4. Increased scope of conventional partnerships between manufacturers and government
The economic downturn and pressure on healthcare and life sciences budgets resulting from the pandemic has increased the need to foster partnerships between academia, government, and industry to decrease financial risk and increase R&D efficiencies. While partnership models across the board are common in the biopharma industry, the pressure to bring COVID-19 tests and therapeutics to market at an unprecedented speed fueled a new wave of collaboration between big pharma competitors (e.g., REGN and ROCHE partnership). In parallel, the pandemic brought about an increased drive to work collaboratively with regulators and governmental health agencies and these interactions are likely to shape relationships moving forward. A prime example is the current contracting environment for COVID-19 vaccines between governments and manufacturers in order to share risk for vaccine development. Beyond infectious disease, this increased scope of partnerships and willingness to cross pollinate research would be beneficial to drive the same sense of urgency in other therapeutic areas (e.g., Alzheimer’s disease, cancer, autoimmune diseases) to lead to faster innovation; however, whether this behavioral shift will remain beyond the pandemic is yet to be seen.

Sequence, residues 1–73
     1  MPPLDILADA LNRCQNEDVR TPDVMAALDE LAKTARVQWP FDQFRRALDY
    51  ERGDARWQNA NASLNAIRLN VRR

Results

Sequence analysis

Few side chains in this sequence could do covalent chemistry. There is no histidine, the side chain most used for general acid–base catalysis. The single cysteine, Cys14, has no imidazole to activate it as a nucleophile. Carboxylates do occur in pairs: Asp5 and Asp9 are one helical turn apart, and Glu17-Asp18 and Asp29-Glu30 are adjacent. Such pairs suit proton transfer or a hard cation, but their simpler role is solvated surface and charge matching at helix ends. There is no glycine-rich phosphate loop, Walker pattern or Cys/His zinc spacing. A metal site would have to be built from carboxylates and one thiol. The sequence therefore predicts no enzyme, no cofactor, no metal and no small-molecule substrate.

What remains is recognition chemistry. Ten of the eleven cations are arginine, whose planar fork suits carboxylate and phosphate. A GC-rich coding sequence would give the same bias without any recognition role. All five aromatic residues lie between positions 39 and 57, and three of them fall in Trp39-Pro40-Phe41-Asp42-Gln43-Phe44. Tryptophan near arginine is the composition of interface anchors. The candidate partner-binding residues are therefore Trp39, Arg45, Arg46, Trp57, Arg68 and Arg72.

5. Opportunity for new partnerships with tech players
Similarly, opportunities to explore partnerships with private entities that have traditionally been far-removed from the biopharma industry have emerged as the healthcare ecosystem has undergone structural changes in response to COVID-19. A new role for tech companies to partner with biopharma has become increasingly relevant with the more recent emphasis on telemedicine. Such relationships may be leveraged to develop value-added patient services, collect patient data, and optimize the R&D cycle to further reduce biopharma costs in a world where pricing pressure is likely to persist. The accelerated trend for biopharma to collaborate with external tech partners to develop innovative solutions and enhance the patient treatment journey may continue to be explored long-term; however, the importance of compliance within the healthcare sector and alignment of company goals with patient needs must not be overlooked as a key challenge.
6. Acceleration of clinical trial efficiencies and tech-integration